New research reveals the real state of Canada’s fisheries
It’s easy to say that we’ve learned from the mistakes that led to the collapse of Atlantic groundfish and other species. But have we?
To find out, Oceana Canada commissioned renowned fisheries scientists Dr. Julia K. Baum and Dr. Susanna D. Fuller to assess the state of Canada’s fisheries. The resulting report represents the most comprehensive and up-to-date public analysis ever conducted on the state of Canada’s fish.
We found that although Canada has a long history and diverse culture that connects us to our vast oceans, our fish populations are still severely depleted. Decades after the cod collapse we still have not recovered our ocean abundance. The report also outlines the extent to which overfishing and decades of poor management practices continue to impact Canada’s fish populations.
Some key findings of this report include:
- Only 24% of Canada’s fish stocks are considered healthy.
- The health of 45% of Canada’s fish stocks cannot be determined due to a lack of data.
- Canada’s seafood industry, although economically prosperous, is dependent on a small number of shellfish species. The lack of diversity makes coastal communities and the Canadian seafood industry vulnerable, as communities could have little to fall back on if these stocks decline.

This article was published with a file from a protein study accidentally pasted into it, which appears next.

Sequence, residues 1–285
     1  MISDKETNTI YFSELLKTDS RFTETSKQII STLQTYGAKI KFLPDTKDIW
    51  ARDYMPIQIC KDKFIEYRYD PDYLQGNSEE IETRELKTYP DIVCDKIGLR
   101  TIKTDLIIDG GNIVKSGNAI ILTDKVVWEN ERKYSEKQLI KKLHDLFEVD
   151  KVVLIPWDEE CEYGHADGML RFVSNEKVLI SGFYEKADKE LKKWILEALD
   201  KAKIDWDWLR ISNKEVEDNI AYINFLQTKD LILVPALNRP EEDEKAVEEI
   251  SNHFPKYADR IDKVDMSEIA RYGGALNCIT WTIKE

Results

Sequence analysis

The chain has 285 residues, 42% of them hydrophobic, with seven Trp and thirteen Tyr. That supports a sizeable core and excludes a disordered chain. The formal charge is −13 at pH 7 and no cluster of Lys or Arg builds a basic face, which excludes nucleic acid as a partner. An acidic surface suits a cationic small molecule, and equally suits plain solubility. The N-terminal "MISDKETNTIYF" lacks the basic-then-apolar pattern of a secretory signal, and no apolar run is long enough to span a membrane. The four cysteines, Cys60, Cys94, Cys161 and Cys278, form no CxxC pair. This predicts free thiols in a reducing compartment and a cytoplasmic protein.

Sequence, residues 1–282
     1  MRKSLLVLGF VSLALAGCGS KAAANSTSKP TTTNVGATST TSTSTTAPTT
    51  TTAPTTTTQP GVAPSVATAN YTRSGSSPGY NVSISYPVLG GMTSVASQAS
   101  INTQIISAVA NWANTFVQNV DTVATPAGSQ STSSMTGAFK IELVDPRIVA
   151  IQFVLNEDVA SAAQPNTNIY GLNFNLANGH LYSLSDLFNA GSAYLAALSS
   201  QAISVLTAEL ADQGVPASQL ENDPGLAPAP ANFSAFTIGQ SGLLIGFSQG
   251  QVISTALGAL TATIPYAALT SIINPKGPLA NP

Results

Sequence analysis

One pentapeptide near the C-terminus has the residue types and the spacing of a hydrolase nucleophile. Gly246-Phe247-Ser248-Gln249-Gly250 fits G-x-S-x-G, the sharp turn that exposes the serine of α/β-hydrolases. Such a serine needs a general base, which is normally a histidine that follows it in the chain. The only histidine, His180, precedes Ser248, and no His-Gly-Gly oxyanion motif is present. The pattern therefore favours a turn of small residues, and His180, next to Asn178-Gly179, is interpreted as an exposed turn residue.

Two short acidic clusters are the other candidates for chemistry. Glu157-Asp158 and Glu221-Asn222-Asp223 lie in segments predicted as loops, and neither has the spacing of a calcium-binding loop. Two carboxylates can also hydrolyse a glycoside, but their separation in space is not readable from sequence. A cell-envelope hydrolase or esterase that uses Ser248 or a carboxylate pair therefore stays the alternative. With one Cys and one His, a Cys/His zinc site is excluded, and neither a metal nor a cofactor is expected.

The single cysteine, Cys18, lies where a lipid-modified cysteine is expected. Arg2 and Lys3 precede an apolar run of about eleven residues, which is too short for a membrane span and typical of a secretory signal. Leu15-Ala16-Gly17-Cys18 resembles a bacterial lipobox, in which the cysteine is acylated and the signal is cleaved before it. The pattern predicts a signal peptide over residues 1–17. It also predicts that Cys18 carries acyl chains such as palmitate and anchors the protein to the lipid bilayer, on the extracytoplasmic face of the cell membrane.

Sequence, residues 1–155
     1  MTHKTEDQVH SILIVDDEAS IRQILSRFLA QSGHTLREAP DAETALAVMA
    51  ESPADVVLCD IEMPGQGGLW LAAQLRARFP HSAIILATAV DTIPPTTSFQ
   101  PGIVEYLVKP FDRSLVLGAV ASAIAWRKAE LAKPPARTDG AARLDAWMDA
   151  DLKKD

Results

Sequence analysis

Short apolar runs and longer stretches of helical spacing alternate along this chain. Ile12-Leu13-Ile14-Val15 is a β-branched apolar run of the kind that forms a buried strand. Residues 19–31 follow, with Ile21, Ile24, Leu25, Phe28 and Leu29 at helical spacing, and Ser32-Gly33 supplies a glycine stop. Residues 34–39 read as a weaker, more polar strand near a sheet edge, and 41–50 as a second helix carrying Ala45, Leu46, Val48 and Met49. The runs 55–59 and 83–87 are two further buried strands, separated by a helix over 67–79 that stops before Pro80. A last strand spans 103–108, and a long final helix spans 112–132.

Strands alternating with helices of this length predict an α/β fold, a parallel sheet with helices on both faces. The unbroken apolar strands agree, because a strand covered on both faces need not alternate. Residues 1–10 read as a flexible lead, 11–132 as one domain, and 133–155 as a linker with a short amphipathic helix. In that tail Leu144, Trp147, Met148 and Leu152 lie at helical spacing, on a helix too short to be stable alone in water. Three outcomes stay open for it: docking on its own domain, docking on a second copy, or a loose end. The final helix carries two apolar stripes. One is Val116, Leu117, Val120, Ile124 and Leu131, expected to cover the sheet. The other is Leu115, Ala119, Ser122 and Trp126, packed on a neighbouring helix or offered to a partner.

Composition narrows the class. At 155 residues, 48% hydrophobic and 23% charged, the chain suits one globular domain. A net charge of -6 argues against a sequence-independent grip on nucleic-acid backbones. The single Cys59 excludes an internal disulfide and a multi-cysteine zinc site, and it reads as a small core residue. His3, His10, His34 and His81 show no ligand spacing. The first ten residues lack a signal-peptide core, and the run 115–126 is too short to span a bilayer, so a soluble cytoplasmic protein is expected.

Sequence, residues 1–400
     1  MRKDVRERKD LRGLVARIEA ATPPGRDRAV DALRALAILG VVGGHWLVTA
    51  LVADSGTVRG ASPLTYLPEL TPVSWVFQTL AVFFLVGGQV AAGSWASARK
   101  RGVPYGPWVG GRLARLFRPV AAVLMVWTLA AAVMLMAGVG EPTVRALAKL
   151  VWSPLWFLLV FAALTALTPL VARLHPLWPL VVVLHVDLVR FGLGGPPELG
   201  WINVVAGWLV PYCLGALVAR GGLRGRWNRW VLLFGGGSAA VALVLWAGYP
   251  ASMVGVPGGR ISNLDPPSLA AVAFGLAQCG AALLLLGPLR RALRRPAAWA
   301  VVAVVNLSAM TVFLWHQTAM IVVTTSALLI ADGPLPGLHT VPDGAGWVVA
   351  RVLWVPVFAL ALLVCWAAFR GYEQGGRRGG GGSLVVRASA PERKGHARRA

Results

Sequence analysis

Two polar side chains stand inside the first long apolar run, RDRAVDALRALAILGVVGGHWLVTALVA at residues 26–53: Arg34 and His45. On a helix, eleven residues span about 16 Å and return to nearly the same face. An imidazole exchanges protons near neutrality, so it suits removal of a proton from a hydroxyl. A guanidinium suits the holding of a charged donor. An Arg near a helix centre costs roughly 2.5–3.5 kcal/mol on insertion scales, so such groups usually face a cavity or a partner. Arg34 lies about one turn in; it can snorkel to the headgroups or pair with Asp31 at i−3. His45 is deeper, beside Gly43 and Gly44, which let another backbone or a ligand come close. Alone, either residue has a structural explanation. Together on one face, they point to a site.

Now, armed with this information, we need to act. Oceana Canada calls on the government and all Canadians to protect and rebuild our nation’s fisheries and the oceans that support them.
- Read the press release and fact sheet.
- Download Oceana Canada’s summary report: Here’s the Catch: How to Restore Abundance to Canada’s Oceans.
- Download the full scientific report written by Drs. Julia K. Baum and Susanna D. Fuller: Canada’s Marine Fisheries: Status, Recovery Potential and Pathways to Success and corresponding stock summaries for each of the 125 marine fish and invertebrate stocks assessed in the report.
- Take action
Media contact: Lesley Wilmot, 416.583.2352 (office), 647.535.6326 (cell) or email@example.com.
Download the Report